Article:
Can I control the speed of lerp?

Hey guys,

I have a question about lerping. When I use the lerp function, how do I control the speed of an object to its destination. It seems that when I try to move one character to another position, I have very limited control over the speed they can move from one area to the next. I am programming a navigation system from scratch just in case lerp doesn’t give me that functionality, but why recreate the wheel if it already exists.


Lerp is a way of blending between two numbers or vectors. It’s picking a point along a linear graph. You use a number (often called alpha) to choose how far between the two values you want to be.

So if you are lerping a value x between 5.0 and 10.0. You have an alpha that varies from 0 to 1.

At alpha = 0.0 we’re at the “start” so x = 5.0
At alpha = 0.5 we’re in the middle so x = 7.5
At alpha = 1.0 we’re at the “end” so x = 10.0

It’s linear from 5.0 to 10.0.

So, to answer your question, to change the speed at which the lerp occurs, you change the speed at which you modify alpha.


var LERP_SPEED = 2.0;

initialize: function () {
    this.alpha = 0;
    this.start = 5.0;
    this.end = 10.0;

update: function(dt) {
    this.alpha += LERP_SPEED*dt;
    var value = pc.math.lerp(this.start, this.end, this.alpha);
1 Like

Thanks, I do this all the time in Unity, but I have no idea why I could not wrap my head around the way Play Canvas did it. I think the 1 - 0 threw me off a bit. Thanks for the explanation.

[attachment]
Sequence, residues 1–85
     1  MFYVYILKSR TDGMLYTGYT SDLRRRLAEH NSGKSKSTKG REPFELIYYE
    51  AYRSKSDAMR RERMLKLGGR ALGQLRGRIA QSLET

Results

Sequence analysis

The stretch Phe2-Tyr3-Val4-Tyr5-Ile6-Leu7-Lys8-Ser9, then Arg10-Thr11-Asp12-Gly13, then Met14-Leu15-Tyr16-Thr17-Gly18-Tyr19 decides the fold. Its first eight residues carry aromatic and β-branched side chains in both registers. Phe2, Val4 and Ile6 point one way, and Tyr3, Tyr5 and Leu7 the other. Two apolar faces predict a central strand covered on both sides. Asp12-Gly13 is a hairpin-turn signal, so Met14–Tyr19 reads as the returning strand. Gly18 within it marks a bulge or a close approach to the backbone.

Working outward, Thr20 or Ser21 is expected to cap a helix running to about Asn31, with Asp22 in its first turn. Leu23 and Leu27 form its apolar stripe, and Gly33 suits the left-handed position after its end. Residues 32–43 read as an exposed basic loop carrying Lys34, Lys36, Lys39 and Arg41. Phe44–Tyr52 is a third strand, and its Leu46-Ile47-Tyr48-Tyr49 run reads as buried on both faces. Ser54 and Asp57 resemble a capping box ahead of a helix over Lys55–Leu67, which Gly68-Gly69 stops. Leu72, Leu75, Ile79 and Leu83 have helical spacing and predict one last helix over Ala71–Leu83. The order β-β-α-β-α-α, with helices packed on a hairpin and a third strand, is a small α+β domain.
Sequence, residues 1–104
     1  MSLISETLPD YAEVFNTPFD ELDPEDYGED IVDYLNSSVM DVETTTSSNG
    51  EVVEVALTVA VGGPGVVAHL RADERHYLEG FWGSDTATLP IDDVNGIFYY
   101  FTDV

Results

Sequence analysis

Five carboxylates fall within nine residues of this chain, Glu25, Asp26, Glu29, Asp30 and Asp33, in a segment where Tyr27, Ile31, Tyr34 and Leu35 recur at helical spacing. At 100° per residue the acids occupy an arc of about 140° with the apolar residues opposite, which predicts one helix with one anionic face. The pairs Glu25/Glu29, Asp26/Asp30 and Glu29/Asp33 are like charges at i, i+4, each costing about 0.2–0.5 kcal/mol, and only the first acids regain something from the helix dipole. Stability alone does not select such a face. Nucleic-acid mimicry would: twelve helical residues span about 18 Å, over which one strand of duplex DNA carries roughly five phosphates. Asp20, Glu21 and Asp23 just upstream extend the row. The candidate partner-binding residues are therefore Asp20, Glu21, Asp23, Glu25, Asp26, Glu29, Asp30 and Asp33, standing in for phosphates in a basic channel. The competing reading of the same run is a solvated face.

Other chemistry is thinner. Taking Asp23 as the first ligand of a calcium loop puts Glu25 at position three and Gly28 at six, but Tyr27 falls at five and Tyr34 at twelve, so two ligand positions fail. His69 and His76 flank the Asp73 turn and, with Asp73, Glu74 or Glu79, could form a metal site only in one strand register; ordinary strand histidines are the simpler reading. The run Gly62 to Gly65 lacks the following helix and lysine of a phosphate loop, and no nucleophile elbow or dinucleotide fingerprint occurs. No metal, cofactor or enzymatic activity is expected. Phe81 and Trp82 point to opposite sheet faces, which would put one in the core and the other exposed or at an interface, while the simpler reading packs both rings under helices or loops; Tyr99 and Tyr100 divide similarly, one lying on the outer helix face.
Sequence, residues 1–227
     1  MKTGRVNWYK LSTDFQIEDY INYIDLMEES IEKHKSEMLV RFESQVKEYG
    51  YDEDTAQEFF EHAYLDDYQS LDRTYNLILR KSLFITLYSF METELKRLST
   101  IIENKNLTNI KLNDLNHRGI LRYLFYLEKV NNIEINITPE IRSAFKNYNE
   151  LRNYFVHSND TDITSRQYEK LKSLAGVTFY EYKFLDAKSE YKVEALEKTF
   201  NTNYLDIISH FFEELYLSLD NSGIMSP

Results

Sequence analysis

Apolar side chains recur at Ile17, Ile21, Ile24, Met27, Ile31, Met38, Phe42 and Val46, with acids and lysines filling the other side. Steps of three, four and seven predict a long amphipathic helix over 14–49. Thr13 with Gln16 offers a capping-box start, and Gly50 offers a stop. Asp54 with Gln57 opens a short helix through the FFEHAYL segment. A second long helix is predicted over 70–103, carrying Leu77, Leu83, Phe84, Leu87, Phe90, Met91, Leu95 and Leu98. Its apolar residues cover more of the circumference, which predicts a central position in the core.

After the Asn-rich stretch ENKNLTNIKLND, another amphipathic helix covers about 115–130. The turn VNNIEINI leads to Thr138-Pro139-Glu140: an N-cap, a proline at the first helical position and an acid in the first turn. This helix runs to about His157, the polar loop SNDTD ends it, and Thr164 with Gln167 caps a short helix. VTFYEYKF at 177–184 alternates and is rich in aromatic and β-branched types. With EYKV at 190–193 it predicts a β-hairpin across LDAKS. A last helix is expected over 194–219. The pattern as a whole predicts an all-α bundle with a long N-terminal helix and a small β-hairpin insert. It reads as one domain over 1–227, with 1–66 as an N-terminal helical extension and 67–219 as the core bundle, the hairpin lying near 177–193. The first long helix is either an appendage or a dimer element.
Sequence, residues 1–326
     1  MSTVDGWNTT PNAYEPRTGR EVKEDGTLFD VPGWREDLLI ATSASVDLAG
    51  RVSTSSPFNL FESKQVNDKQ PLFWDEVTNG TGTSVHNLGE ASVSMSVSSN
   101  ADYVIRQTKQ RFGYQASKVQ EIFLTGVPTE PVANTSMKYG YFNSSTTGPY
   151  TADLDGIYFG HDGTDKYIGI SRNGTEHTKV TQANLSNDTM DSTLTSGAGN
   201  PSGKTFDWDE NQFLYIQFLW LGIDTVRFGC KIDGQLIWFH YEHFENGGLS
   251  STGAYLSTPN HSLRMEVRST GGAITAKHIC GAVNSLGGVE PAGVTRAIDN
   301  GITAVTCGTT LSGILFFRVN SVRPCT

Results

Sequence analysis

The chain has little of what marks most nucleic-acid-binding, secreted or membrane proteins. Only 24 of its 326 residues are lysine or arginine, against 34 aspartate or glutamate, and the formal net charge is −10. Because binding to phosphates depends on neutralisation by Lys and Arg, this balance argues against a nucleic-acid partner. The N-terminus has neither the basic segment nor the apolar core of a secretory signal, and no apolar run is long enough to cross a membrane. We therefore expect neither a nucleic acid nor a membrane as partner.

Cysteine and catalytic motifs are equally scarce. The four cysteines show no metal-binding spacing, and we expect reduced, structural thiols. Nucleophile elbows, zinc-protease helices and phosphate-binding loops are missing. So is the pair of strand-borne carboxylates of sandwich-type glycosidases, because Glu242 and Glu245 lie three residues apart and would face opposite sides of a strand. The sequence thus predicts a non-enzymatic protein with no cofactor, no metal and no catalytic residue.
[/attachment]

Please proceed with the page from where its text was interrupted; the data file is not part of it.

Hi, @Gariantroll, I need help on lerp topic. I am currently trying to do a simple application in which an object will move to target after raycast on target. But I have no idea on how to do it. Based on the topic above, may you show me your code for reference? Thousand Thanks…

Hi @wang_hoon - it looks like @Gariantroll didn’t reply, but perhaps this thread will help you:

Let me know if this doesn’t help. :slight_smile:

I realize this thread is a bit old, but I have a small question about lerping I thought would be easier to find an answer to here rather than make a new one.

The question is: would this work the same way with lerpAngle?


Calculates the linear interpolation of two angles

So yes, it has the same behavior as math.lerp but ensuring that interpolation is correctly performed across the 360 to 0 degree boundary